Dave Cameron: Happy Wednesday, everyone. It’s the final chat of the regular season; next week we’ll be in full on postseason mode.
Dave Cameron: So let’s wrap up the six month run with an hour’s worth of baseball talk.
Matt: Will the death of Jose Fernandez impact your Cy Young award vote?
Dave Cameron: I’ve spent a decent amount of time thinking about this over the last few days, and I continue to be of mixed feelings. On the one hand, Fernandez is a legitimate candidate, and we will never get to vote for him again; giving him the award would be a great way to say goodbye. On the other hand, I’m uncomfortable with the idea that an award for on-field performance should be determined by something like this, and think it’s not fair to Jose or the other contenders to decide my vote based on his death. In the end, I think I’m going to vote as if he was still alive, and not have it impact the ballot.
Tommy Lasordid: Considering the current health of both teams, should the Dodgers be considered favorites over the Nats?
Dave Cameron: I would say so, yes.

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NERD Game Scores for September 28, 2016

Devised originally in response to a challenge issued by sabermetric nobleman Rob Neyer, and expanded at the request of nobody, NERD scores represent an attempt to summarize in one number (and on a scale of 0-10) the likely aesthetic appeal or watchability, for the learned fan, of a player or team or game. Read more about the components of and formulae for NERD scores here.


Most Highly Rated Game
Cleveland at Detroit | 19:10 ET
McAllister (50.1 IP, 106 xFIP-) vs. Fulmer (155.2 IP, 91 xFIP-)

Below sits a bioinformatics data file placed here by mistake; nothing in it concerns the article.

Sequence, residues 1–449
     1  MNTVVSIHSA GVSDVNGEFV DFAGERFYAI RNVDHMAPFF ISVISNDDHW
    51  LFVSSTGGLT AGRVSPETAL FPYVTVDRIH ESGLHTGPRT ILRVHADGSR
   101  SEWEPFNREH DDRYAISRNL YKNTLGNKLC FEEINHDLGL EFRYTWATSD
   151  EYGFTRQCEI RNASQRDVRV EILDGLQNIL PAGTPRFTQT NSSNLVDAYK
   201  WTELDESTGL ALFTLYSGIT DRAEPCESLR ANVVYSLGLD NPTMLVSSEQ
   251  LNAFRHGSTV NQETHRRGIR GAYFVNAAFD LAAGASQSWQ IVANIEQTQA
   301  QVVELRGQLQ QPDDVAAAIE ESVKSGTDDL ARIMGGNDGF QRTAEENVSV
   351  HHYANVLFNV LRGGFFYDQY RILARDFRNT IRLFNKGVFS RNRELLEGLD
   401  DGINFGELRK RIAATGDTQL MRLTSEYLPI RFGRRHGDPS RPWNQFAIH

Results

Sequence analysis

There are only a few teams playing games of real consequence at the moment, but Detroit’s and St. Louis’s games are probably the most consequential among them. Both trail their league’s respective second-place wild-card club by just a game. Both play at home tonight, too — and are likely, as a result, to host lively partisan crowds. For those compelled to choose, Detroit’s game also offers one of the American League’s top rookies in right-handed starter Michael Fulmer.

Readers’ Preferred Broadcast: Detroit Radio.

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Learning Something About David Dahl from One Swing

On Sunday evening, the Los Angeles Dodgers hosted the Colorado Rockies in what was legendary announcer Vin Scully’s last home game at Dodger Stadium after 67 years of calling the team. The Dodgers won, in walk-off fashion, scoring in the ninth on a Corey Seager home run that tied the score at 3-3, and again in the 10th on a home run by Charlie Culberson that clinched the National League West Division and ensured Scully’s final call in Los Angeles would come on a high note.